Books published by Penguin unless otherwise indicated
2011: The Dog Stole my Brain, Aussie Chomp co-authored with daughter Katherine. Eleven-year-old Jake longs to switch his life with someone who’s got fewer problems ... but he didn’t mean his dog!
2010: A Ghost at School. Third in a series featuring Ruby Clair, a Year 7 Collingwood fan who hears from people who’ve passed on. Ruby’s experiences are loosely based on my own.
2009: Ruby Clair: Ghost with a Message
2008: Ruby Clair: The Trouble with Ghosts
2007: Escape from Year Eight. Third in a trilogy co-authored with daughter Anna, who was then a teenager herself. Like us, our narrator Kaitlin agonises over how far she should go to fit in. But she has some fun in this book when her mum takes her to the wilds of Iowa for a taste of American life.
2005: A Term in Year Seven. Determined not to be a loser in high school, Kaitlin abandons her dorky pals to hobnob with the cool girls.
2005: Making Jamie Normal. Whoopee, two books in one year! This Aussie Chomp is based on the relationship between my daughters. Alex wants younger sister Jamie to stop pretending to be David Attenborough and take some interest in body piercing.
2003: Two Weeks in Grade Six. Kaitlin’s first appearance exposes the dramas that happen around a Grade Six worktable. Amidst the humour lies the heartbreak of girl bullying.
2001: Asking for Trouble, young adult novel. Includes naughty incidents I investigated during my years as a roving assistant principal. (Names and locations changed, of course).
1998: Too Much to Ask For, an Aussie Bite co-written with 11-year-old daughter Katherine. Based on her longing to be popular. Has sold 23,000 copies.
1993: Stormy. A fictionalised portrait of an amazing girl from my farm neighbourhood. But Stormy is more than a neighbour to me. She's my little sister! Aged eight when her mother died, she was more or less abandoned by her dad. But she was smart and determined, and she prevailed.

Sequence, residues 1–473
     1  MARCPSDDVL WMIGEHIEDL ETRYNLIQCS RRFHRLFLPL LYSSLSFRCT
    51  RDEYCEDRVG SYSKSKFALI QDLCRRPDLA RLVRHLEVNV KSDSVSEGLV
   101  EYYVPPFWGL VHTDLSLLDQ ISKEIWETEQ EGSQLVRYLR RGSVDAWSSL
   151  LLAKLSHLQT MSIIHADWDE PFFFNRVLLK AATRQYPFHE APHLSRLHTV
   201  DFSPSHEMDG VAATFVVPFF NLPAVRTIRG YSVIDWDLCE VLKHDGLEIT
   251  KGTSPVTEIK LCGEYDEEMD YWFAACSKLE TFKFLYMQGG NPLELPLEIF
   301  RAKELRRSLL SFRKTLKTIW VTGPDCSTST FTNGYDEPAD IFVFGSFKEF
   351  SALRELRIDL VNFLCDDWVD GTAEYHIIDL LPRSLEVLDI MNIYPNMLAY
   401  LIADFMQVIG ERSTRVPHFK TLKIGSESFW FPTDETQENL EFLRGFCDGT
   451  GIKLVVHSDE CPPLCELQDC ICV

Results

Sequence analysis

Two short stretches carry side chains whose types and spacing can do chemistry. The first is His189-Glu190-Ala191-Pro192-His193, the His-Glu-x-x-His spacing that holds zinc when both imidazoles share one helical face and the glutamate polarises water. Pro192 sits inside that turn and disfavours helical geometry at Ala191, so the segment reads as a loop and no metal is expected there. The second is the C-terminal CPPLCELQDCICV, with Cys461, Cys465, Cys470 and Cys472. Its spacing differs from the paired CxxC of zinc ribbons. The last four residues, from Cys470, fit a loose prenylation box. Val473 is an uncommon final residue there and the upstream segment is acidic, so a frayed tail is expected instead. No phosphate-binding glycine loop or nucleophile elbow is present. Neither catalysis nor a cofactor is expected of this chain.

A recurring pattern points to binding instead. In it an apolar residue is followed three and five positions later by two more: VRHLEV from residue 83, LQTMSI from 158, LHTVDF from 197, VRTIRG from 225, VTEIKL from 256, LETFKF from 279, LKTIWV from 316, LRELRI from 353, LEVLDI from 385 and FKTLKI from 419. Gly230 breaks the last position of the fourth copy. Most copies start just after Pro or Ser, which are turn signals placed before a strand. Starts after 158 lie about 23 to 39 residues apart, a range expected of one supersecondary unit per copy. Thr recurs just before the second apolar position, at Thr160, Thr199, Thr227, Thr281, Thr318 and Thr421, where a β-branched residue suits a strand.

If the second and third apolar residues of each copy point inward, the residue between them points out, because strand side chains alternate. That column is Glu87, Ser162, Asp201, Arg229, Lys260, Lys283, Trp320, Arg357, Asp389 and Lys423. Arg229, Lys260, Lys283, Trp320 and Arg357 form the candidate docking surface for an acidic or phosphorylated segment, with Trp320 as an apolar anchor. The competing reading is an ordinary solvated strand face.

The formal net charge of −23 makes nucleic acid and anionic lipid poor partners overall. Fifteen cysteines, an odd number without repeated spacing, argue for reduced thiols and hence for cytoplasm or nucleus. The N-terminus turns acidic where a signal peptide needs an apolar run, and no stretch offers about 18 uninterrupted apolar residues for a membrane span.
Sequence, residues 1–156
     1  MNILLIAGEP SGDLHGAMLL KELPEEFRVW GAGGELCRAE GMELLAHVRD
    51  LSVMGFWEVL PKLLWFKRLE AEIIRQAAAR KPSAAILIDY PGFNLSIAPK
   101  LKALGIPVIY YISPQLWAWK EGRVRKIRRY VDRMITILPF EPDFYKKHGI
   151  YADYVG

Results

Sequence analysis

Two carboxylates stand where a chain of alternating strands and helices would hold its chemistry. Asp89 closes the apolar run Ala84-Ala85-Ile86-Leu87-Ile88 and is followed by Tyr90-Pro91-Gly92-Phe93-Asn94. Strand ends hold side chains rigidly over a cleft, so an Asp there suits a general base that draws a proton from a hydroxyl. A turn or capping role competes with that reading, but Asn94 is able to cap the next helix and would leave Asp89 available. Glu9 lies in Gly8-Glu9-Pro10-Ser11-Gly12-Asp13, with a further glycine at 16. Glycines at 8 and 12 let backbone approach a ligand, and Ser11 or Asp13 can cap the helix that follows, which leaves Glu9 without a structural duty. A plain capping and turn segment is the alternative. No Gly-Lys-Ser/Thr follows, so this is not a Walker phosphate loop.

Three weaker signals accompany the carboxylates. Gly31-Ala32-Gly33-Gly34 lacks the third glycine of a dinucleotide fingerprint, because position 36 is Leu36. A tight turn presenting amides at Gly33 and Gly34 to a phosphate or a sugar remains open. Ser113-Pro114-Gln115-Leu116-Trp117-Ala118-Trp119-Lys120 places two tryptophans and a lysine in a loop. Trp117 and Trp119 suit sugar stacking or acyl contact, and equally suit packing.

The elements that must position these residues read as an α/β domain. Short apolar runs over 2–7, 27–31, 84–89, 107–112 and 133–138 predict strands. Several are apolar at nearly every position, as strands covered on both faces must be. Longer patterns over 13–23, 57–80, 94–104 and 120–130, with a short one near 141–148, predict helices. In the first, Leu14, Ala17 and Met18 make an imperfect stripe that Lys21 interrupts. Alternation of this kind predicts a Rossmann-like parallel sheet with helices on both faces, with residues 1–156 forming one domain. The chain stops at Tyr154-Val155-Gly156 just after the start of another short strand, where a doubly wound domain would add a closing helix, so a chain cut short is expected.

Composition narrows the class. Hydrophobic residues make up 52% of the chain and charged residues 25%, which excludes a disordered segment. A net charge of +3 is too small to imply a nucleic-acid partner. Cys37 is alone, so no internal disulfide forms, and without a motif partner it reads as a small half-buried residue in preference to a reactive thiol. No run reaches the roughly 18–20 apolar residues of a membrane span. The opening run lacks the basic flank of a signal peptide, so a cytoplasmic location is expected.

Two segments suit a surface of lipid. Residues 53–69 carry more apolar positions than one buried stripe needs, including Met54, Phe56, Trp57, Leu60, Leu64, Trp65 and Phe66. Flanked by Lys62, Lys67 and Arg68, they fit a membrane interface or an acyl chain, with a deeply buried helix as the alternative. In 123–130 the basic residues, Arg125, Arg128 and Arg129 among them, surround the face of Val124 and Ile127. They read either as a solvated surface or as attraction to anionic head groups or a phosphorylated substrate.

1992: A Long Way Home. Story of the central decision of my life, disguised as an adult novel. Seemed like a good idea at the time ...
1988: You Take the High Road. Young adult novel. Sam is plunged into dark places when her baby brother drowns. Shortlisted for CBC Book of the Year for older readers.
1988: Hello, Barney! Children’s picture book. A boy and his pet cockatoo grow old together. Illustrated with gorgeous paintings by Mark Wilson.
1987: Oz Rock. Nonfiction for younger teens. Macmillan.
1980: Shopkeepers. Title in a non-sexist careers series for children and teenagers. Sugar and Snails Press.
Anthologies: My work has appeared in Goodbye and Hello (Penguin), Made in Australia (Oxford University Press), Into the Future (Penguin), Absolutely Rapt (Oxford University Press), Inner Cities (Penguin) and The Kids’ Own Book of Stories and Things to Do (Nelson with McPhee Gribble).
Freelance articles and stories: published in The Age, The Herald Sun, Women’s Weekly, Cosmopolitan, Cleo, Woman’s World, The Des Moines Register, Good Reading and Prevention.